Tile based game logic structure

So, I'm writing a game, as a hobby, and I'm trying to come up with an easy way to handle the logic of collisions.
It's a tile based game, very simple, simple enough not to require any ECS I think.

So I have a GameState, which has a "map" field, where map is a Vec of tiles. Each tile has some internal data like velocity, points, location, etc..

The problem I've been struggling for weeks now is the following function:

pub fn handle_move_tiles(level: &mut GameState) {

Where level is the game state: I need it to be mutable in order to change the score, for example.
What this function needs to do is:

1-Iterate over all tiles in the map, which, as said, is a Vec (self.level.map)
2-Check for collisions in any of the 8 possible adjacent tiles
3-If a collision has been detected, I'd like to invoke a method on the colliding tile,
passing it the list of tiles it collies with:

impl Tile {

 pub fn handle_collision(&mut self, neighbors: Vec<&Tile>){}

I've tried implementing this logic in several ways, but the borrow checker always yells at me.

This is the last version so far:

pub fn handle_move_tiles(level: &mut GameState) {

   // A a list of collisions, where the 1st element is the one that collides
   // and the 2nd element is the list of tiles it collides with
   // pub fn get_collisions(&self) 
   let collisions: Vec<usize, Vec<&Tile>) = level.get_collisions();   <---------------
   for collision in &collisions {                                                    |
        // Cannot borrow level.map as mutable because its also borrowed as inmutable |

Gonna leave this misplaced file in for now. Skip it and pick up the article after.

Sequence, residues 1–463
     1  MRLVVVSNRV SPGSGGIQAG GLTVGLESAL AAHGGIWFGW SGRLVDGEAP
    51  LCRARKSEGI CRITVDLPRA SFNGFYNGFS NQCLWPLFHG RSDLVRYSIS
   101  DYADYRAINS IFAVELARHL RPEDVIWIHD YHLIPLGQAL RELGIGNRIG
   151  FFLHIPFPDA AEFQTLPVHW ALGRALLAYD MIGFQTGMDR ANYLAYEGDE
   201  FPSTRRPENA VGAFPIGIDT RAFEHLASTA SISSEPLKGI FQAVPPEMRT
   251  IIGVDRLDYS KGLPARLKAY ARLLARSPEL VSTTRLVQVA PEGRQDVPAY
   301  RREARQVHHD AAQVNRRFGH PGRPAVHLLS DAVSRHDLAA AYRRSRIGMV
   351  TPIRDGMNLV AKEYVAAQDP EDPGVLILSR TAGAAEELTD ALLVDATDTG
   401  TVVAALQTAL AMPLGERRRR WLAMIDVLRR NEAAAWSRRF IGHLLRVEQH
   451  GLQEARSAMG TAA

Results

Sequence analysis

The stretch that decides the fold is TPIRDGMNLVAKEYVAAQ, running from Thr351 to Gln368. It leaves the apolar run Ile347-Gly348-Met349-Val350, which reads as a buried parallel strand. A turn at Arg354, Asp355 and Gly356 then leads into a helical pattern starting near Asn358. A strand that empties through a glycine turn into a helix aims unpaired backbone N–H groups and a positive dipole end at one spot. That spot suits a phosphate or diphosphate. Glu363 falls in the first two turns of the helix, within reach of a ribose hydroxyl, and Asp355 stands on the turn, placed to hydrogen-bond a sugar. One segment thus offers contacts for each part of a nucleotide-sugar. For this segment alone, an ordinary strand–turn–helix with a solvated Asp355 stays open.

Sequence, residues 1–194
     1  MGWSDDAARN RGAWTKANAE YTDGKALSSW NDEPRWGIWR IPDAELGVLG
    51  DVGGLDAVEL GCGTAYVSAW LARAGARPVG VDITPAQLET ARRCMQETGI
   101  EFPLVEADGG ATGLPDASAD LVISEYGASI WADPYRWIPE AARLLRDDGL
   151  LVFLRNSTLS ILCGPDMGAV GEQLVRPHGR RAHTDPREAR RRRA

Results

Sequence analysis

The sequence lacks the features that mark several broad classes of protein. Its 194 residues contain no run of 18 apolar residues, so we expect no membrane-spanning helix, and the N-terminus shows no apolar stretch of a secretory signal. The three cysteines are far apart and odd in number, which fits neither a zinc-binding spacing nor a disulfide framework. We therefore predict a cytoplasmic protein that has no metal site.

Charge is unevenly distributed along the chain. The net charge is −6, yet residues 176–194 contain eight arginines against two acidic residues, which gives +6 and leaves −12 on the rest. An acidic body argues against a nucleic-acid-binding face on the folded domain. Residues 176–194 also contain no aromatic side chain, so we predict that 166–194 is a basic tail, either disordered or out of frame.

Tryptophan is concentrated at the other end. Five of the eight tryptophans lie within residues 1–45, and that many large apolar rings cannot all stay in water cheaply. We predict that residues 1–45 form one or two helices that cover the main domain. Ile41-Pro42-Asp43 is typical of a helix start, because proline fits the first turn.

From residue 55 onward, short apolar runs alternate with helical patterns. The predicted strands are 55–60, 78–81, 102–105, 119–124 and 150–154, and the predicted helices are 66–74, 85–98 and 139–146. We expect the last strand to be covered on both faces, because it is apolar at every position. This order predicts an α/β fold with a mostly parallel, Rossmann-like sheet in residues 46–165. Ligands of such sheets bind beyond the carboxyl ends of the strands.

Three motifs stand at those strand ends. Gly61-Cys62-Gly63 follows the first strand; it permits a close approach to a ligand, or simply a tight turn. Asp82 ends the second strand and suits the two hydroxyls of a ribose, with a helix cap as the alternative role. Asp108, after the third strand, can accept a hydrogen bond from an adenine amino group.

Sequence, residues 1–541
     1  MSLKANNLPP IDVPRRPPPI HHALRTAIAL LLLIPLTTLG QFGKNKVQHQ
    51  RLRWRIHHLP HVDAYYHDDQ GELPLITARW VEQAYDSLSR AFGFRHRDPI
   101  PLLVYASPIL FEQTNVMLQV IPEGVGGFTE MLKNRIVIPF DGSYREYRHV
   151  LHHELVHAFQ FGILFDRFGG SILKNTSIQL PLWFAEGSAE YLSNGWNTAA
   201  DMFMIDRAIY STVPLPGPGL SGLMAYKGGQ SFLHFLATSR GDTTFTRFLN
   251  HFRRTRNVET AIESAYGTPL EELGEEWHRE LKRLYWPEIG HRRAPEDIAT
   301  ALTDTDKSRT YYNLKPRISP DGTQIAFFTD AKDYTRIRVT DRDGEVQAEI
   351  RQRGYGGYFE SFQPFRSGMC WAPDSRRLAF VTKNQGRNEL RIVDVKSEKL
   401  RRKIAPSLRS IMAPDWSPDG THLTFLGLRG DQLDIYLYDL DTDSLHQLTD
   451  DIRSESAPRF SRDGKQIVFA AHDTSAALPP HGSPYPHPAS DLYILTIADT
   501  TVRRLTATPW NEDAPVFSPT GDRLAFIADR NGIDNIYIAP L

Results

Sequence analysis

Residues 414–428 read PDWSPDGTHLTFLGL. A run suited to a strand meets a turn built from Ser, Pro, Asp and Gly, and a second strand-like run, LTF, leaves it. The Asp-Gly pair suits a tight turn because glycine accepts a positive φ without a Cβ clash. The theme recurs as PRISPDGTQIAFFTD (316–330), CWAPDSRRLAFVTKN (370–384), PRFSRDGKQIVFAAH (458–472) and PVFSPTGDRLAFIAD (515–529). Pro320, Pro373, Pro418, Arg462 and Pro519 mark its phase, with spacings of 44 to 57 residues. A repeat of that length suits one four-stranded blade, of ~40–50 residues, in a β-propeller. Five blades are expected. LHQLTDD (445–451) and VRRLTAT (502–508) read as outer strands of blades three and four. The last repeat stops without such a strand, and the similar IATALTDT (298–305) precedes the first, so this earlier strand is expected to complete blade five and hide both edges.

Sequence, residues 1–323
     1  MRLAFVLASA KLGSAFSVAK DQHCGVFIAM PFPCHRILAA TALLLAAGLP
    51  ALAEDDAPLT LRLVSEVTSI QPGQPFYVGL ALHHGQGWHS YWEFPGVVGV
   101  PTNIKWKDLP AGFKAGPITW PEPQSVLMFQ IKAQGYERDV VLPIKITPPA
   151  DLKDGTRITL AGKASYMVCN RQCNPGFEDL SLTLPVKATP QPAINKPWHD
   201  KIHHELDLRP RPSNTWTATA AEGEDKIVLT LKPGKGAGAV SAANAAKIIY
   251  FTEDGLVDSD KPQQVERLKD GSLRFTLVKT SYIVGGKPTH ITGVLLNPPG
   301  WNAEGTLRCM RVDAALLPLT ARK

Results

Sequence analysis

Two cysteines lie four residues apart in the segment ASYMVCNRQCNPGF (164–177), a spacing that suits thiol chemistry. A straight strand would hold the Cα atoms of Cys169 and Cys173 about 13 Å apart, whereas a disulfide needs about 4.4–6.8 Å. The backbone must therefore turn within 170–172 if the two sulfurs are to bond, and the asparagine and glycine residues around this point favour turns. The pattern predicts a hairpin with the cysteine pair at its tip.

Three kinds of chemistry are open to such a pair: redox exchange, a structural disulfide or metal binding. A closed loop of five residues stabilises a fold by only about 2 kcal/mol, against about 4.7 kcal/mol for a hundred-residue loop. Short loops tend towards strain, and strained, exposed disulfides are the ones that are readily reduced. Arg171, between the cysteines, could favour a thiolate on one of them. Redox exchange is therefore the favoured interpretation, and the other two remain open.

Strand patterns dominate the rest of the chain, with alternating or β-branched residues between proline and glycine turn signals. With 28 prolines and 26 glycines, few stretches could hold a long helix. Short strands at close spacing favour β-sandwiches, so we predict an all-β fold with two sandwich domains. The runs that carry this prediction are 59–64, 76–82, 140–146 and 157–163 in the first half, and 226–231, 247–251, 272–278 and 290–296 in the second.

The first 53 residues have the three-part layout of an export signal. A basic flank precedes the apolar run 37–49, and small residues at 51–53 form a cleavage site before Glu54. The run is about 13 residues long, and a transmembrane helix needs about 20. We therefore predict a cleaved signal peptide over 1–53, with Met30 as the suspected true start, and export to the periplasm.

let collider = level.map.get_mut(collision.0).unwrap();               -------|

The question is.. how should I approach this problem? Is it doable without Rc and/or Cells?

I assume you're returning tuples of the form (usize, Vec<&Tile>) precisely because you can't return (&mut Tile, Vec<&Tile>). If the universe only held two colliding tiles, for example, the return from get_collisions would presumably be something like

  (&mut level.map[0], vec![ &level.map[1] ]),
  (&mut level.map[1], vec![ &level.map[0] ]),

And this clearly contains both mutable and shared references to the same Tiles. So you can work around this by returning an index instead of a &mut Tile in each tuple... but as soon as you try to turn the index back into a mutable reference, you're going to have the same problems.

One approach would be to return Vec<(usize, Vec<usize>)> and to later turn each tuple into (&mut Tile, Vec<&Tile>) within the loop. It can be a bit round-about to safely convince the compiler that the mutable reference into the Vec doesn't overlap with the shared references.

Another approach may be a function that takes a &mut [Tile] and an index and produces a (&mut Tile, Vec<&Tile>) of collisions specific to a single tile, instead of computing all collisions in a single function. It would involve similar slice splitting.


Mm.. thanks. I think it's a neat trick, but a trick after all, to work around the borrow checker, isn't it?